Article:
This is what our job is…

Tuesday was my first day at El Faro. I met many of the journalists, some from Spain, most of them from El Salvador. I will be working with the multimedia team, recording and editing video and audio.  I am not fluent in Spanish so it is difficult for me to do interviews on my own and of course, I am not at a fluency level to write articles. Also, I really do not fancy myself a “writer.” I am a journalist yes, so this may seem like a contrary thing to say, but it is not what I believe to be my greatest strength. I think I am better at sourcing a story: finding people to talk with, asking questions, editing, for example.

I know I am going to learn so much from the talented journalist here. They are writers, photographers, and documentary filmmakers. A number of them risk their lives for the topics they report on.

Here are some examples of recent work.

El Faro won the highest award in Spanish journalism for this multimedia project. El Salvador is one of the most violent countries in the world. I am talking about of countries not in a war. It is in a different category than say, Afghanistan. There is only one, just one Forensic Scientist in this country. This is a profile of him.  Even if you cannot understand the language, the pictures are enough to make you cringe.

 http://elfaro.net/templates/elfaro/especiales/elcriminalista/

This is an article published this past Monday about a young woman raped for over three hours by 15 gang members.

 http://www.salanegra.elfaro.net/es/201107/cronicas/4922/

 This is a common story here. What is most disturbing is how communities are paralyzed by fear by the power of gangs. This fear keeps people from speaking out about violent acts such as this.

 In my few days at El Faro I already see how crucial journalism is in a region in crisis. This is what journalism is supposed to do. The reader’s comments on El Faro range from outrage, sadness, hopelessness and anger towards El Faro for publishing something so horrific. Although it’s not too hard to believe that people would rather live in ignorance. Carlos Dada, editorial director, told me today in response to those grateful and ungrateful for their work. “[I don’t care whether people are praising us or hating us; they are reacting. This is what our job is, to provoke people into action.]”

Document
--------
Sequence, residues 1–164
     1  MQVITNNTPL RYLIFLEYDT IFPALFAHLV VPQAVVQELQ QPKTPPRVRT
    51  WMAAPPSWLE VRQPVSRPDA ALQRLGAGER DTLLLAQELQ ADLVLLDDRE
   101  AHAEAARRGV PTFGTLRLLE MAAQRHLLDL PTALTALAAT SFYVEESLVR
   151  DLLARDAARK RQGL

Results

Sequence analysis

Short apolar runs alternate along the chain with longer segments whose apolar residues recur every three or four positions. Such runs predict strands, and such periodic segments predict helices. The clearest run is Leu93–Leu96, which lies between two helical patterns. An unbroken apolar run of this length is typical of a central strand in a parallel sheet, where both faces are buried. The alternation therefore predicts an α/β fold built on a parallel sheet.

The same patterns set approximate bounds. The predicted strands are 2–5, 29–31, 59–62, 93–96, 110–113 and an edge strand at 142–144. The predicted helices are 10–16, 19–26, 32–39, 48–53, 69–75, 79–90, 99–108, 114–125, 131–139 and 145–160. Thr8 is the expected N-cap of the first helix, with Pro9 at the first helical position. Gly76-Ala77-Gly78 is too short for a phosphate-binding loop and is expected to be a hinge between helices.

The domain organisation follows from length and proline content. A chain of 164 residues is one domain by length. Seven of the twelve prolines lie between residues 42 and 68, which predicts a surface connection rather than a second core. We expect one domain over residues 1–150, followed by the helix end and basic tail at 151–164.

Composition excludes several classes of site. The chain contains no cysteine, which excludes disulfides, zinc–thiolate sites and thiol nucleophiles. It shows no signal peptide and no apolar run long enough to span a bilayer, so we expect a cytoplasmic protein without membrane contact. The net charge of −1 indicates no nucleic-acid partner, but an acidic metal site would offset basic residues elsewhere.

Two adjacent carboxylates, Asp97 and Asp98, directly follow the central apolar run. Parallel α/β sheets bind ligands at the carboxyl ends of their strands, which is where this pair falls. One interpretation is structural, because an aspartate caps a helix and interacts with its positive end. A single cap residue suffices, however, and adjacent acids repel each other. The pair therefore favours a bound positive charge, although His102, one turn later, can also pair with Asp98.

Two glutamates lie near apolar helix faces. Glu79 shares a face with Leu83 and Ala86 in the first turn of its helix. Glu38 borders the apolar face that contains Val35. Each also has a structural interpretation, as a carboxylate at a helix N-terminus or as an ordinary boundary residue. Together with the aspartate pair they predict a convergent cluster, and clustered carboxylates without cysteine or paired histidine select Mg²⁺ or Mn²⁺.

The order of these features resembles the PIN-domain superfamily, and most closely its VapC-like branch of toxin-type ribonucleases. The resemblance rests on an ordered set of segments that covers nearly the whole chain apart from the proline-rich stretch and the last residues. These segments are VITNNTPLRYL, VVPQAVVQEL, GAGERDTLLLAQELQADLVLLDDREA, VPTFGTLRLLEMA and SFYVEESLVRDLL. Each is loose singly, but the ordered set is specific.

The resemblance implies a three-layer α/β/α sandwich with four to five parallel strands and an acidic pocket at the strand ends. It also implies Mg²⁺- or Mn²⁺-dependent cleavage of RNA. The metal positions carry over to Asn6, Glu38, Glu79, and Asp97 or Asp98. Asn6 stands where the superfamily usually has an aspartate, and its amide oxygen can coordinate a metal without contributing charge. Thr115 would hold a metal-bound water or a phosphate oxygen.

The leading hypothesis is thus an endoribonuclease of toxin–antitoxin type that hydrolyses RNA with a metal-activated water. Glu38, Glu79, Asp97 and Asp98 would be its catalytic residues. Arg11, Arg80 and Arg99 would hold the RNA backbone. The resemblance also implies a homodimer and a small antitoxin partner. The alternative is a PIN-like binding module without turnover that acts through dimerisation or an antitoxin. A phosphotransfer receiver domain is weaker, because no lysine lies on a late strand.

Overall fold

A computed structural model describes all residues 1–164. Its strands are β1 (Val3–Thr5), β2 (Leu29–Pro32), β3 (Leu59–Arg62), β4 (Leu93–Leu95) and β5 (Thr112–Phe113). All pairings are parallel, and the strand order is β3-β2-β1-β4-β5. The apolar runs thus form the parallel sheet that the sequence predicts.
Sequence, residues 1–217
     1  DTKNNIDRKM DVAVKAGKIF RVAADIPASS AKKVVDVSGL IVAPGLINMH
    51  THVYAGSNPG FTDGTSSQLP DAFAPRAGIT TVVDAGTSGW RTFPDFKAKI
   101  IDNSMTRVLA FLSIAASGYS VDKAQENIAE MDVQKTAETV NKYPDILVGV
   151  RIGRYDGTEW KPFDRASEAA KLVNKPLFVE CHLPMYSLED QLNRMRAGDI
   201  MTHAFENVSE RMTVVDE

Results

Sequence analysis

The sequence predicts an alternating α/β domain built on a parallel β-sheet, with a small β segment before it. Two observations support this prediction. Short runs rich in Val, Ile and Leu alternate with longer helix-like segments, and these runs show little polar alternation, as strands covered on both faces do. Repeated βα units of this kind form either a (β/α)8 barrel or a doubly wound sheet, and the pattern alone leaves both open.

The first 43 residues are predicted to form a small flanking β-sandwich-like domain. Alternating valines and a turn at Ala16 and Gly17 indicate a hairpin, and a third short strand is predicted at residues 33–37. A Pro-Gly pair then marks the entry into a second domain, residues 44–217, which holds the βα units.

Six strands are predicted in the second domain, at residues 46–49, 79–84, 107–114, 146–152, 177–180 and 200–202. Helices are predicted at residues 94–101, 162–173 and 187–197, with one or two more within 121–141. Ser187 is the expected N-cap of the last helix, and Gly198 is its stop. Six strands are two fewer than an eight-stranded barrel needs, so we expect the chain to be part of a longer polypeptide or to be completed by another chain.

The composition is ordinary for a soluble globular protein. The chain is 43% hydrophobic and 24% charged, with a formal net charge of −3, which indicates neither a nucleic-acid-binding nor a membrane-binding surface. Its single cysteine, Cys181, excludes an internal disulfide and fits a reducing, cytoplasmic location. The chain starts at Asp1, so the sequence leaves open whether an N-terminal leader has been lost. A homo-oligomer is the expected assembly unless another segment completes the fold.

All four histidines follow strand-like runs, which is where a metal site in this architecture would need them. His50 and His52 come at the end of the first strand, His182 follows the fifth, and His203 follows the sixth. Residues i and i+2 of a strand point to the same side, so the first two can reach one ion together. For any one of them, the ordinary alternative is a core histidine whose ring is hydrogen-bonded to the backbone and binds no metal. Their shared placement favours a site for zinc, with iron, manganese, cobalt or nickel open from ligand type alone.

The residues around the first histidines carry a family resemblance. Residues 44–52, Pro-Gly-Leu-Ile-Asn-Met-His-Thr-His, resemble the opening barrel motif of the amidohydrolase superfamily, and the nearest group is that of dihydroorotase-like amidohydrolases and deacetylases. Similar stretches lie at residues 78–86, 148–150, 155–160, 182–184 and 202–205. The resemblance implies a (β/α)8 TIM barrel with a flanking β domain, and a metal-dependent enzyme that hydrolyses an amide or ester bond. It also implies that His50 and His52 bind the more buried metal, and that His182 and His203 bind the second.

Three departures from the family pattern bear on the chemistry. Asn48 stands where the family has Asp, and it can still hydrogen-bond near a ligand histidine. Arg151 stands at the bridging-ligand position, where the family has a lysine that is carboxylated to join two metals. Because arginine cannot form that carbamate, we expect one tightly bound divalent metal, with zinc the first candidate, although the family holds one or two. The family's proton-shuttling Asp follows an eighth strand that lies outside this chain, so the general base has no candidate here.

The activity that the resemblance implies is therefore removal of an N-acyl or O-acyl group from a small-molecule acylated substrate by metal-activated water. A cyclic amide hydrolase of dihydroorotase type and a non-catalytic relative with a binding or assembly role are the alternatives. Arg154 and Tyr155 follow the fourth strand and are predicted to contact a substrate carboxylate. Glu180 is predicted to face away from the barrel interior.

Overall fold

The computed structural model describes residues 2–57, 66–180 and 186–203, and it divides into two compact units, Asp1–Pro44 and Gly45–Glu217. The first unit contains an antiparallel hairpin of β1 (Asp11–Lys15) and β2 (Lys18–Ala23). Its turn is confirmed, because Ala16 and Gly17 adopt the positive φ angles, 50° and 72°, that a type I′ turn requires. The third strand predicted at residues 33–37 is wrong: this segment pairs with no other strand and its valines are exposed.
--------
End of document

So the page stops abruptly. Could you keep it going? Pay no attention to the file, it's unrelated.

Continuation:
I am going to learn as much as I can from these journalists, not only on a technical level, but also about the culture on which they report. Despite El Salvador’s many problems, this country is home for many of these journalists, and they are passionate about their position to influence change.

I may post some pictures of El Faro’s office later, but will not be sharing much about the operation of the news organization out of respect for the security and privacy of the journalists. I will make sure to keep you posted on the stories and projects I am working on.

Here are some great pictures from one of El Faro’s photographers.

http://www.elfaro.net/es/201006/fotos/1896/?pid=3

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About almadeelsalvador

I am a multimedia journalist working in San Salvador, El Salvador.

2 responses to “This is what our job is…”

  1. Douglas Paul Sheehy says :

    Mija, Como estas, Very interesting and admirable work you are doing. I detect a deeper, more introspective sentiment entering your perspective. I feel this is a wonderful thing. An interesting coincidence applies here in that I just finished a book entitled “Tatoos on the Heart” by Gregory Boyle which features small vignettes about his lengthy, devoutly committed work with the gangs of L.A. His founding of Homeboy Industies and work with the Dolores Mission. His approach is one of compassion and not one of helping “Those People” Helping the gangbangers to discover there true selves beyond that damaged, shame and guilt ridden being of their childhood. Difficult, difficult work. But after all, we are all in this together. All of us. Spread the Love Hon. Su Papa

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